Supreme Court finds bribery claim brought by Mozambique against contracting companies did not fall into scope of arbitration agreement

Supreme Court finds bribery claim brought by Mozambique against contracting companies did not fall into scope of arbitration agreement

The Supreme Court has determined that a legal claim brought by the Republic of Mozambique arising from supply contracts entered into by three state-owned corporate vehicles for the development of the country’s exclusive economic zone was not capable of falling within the scope of an arbitration agreement contained in the contracts.

Mozambique had accused the Privinvest group of companies of paying bribes to Mozambique’s officials and exposing it to potential liabilities in excess of 2 billion US dollars. The respondents contended that, as a matter of the governing law of the contract, it was bound by the arbitration agreements and thus sought a stay in proceedings.

The appeal was heard by Lord Hodge, Lord Lloyd-Jones, Lord Hamblen, Lord Leggatt, and Lord Richards. Nathan Pillow KC, Richard Blakeley, and Ryan Ferro appeared for the appellant. Duncan Matthews KC, Ben Woolgar, and Frederick Wilmot-Smith appeared for the respondents.

Victim of conspiracy

Between 2013 and 2014, three special purpose vehicles (SPVs) wholly owned by Mozambique entered into contracts, governed by Swiss law, with companies in the Privinvest group. Funds for the purchase of equipment were borrowed by the SPVs from various banks for which Mozambique granted sovereign guarantees governed by English law. Two of the contracts provide for dispute resolution by arbitration of “all disputes arising in connection with” the relevant project governed by the contract, while the third contract provides for dispute resolution by arbitration of “any dispute, controversy or claim arising out of, or in relation to” the relevant contract.

It was claimed by Mozambique that it was the victim of a conspiracy involving the defendants paying very substantial bribes to corrupt officials of the Republic and employees of Credit Suisse involved in the funding of the transactions. It therefore brought claims for bribery, conspiracy to injure by unlawful means, dishonest assistance, and knowing receipt, and makes proprietary claims.

While Mozambique itself was not a signatory to the contracts, Privinvest contended as a preliminary issue that, as a matter of Swiss law, Mozambique is bound by the arbitration agreements within them. On that basis, Privinvest sought a stay of all its claims per section 9 of the Arbitration Act 1996. Mozambique contested that the proceedings were “matters” which fell within the scope of those agreements.

At first instance, the High Court found in favour of the Republic and held that the claims were not sufficiently connected to the contracts as to fall within the arbitration clauses. However, the Court of Appeal took the reverse position, on the basis that the allegation that the supply contracts were instruments of fraud or shams was sufficiently connected. It was argued on appeal that the Court of Appeal had erred in its analysis of the connection between the claim and the supply contracts.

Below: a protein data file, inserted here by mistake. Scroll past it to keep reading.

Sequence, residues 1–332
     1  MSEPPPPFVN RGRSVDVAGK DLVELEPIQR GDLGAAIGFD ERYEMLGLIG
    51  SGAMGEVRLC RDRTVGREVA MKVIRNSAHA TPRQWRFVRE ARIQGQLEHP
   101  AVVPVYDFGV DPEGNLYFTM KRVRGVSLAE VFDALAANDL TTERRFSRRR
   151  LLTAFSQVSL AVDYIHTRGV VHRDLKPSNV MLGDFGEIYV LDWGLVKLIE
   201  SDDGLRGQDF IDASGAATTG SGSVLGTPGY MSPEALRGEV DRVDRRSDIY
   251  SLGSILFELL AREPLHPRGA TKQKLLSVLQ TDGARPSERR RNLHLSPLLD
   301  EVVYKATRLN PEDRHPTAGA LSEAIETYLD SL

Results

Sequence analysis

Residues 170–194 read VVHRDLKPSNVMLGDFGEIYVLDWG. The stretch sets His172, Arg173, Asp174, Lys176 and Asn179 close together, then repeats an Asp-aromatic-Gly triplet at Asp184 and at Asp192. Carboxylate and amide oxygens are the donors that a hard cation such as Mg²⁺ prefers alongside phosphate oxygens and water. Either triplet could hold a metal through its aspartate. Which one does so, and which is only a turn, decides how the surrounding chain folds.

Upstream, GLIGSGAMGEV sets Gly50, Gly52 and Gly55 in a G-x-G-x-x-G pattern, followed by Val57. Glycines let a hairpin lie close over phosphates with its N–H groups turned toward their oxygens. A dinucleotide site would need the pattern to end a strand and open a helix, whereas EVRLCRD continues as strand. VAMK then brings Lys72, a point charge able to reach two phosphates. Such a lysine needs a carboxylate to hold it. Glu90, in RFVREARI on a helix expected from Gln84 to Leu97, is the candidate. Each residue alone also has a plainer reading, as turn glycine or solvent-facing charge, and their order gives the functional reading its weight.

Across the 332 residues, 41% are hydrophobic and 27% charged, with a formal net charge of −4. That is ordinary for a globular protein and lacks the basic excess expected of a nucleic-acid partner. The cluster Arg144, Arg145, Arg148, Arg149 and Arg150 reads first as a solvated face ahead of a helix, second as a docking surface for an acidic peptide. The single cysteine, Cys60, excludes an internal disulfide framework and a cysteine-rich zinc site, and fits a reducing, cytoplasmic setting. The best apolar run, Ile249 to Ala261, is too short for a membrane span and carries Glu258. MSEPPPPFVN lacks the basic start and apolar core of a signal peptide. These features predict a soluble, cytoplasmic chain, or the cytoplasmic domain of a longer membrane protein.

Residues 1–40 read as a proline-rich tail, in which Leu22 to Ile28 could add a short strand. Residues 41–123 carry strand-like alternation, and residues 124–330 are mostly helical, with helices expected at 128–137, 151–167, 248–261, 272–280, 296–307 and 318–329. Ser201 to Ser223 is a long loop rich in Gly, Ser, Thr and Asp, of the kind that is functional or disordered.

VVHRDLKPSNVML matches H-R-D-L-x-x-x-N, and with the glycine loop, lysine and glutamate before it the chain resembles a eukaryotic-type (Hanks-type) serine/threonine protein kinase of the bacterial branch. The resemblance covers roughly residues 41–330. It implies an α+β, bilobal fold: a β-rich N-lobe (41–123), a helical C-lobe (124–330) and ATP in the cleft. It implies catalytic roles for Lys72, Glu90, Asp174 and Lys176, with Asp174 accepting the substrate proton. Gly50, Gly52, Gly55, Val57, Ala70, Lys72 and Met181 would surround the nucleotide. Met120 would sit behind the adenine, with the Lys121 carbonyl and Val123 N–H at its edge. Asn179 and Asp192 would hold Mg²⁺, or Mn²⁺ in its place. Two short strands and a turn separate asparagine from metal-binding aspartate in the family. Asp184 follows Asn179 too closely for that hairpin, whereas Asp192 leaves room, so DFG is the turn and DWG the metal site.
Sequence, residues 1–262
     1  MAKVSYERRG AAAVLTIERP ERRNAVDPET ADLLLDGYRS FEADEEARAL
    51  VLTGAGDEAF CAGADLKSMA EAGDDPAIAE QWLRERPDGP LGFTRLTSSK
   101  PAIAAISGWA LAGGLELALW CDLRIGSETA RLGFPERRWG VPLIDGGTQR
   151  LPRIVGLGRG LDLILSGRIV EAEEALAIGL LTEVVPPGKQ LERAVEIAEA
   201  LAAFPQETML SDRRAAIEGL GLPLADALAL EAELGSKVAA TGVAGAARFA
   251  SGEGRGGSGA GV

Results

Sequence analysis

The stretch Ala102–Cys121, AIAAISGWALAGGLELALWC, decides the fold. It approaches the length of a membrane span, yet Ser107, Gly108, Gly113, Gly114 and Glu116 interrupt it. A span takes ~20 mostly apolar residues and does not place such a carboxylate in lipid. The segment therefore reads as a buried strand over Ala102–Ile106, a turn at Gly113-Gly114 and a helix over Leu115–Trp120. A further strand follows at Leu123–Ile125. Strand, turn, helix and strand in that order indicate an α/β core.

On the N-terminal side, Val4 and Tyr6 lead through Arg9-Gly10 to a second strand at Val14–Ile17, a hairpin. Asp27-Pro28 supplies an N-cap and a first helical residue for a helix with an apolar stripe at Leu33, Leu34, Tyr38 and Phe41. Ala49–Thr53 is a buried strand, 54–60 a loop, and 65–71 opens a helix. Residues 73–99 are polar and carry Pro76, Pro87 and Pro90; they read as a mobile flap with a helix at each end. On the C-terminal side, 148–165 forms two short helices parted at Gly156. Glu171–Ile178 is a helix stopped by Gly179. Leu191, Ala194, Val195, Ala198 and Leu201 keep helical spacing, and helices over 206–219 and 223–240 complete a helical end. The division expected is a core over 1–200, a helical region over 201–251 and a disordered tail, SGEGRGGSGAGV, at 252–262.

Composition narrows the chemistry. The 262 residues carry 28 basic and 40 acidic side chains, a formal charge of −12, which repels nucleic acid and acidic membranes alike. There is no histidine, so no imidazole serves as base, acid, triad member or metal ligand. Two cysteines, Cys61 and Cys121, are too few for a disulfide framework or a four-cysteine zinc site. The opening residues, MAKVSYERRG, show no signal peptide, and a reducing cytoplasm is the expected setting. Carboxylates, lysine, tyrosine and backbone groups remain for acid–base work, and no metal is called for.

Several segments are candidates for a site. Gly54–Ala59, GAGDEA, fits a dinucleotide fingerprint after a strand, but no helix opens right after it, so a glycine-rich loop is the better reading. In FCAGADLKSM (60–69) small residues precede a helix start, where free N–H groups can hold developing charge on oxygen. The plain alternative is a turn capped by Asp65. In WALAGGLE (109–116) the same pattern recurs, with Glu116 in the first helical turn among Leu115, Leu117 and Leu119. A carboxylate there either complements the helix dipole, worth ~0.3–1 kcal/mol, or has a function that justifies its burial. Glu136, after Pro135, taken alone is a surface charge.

Legally relevant

In a judgment with which the whole court agreed, Lord Hodge said of the meaning of “matter”: “A ‘matter’ is a substantial issue that is legally relevant to a claim or a defence, or foreseeable defence, in the legal proceedings, and is susceptible to be determined by an arbitrator as a discrete dispute. If the ‘matter’ is not an essential element of the claim or of a relevant defence to that claim, it is not a matter in respect of which the legal proceedings are brought.”

Applying this to the present case, he said: “The components of a claim for bribery are (i) that a secret payment or other inducement has been made to an agent which gives rise to a realistic prospect of a conflict between the agent’s personal interest and that of his principal, and (ii) the recipient of the bribe must be someone with a role in the decision-making process in relation to the transaction in question. But the payment need not be linked to a particular transaction, it is sufficient that the agent is tainted with bribery at the time of the transaction between the payer of the bribe and the principal.”

He continued: “It is clear from this description of a claim for bribery that the Republic’s claim based on bribery does not require an examination of the validity of any of the supply contracts. Nor is it necessary to prove dishonesty or that any fraudulent representation was made to the principal. Further, a defence that the supply contracts were valid and were on commercial terms would not be relevant to the question of a defendant’s liability to account for the bribe.”

Lord Hodge concluded: “A defence that the supply contracts were valid and were on commercial terms would not be a relevant defence in relation to the unlawful means asserted. The validity of the contracts is no longer in question. In the context where it is alleged that very large bribes were paid both to senior Mozambican officials and to the CS team, it would be fanciful to suggest that the uncontested payments, which the Republic claims were bribes and Privinvest asserts were legitimate, did not enhance the price of the supply contracts.”

The appeal was therefore allowed.

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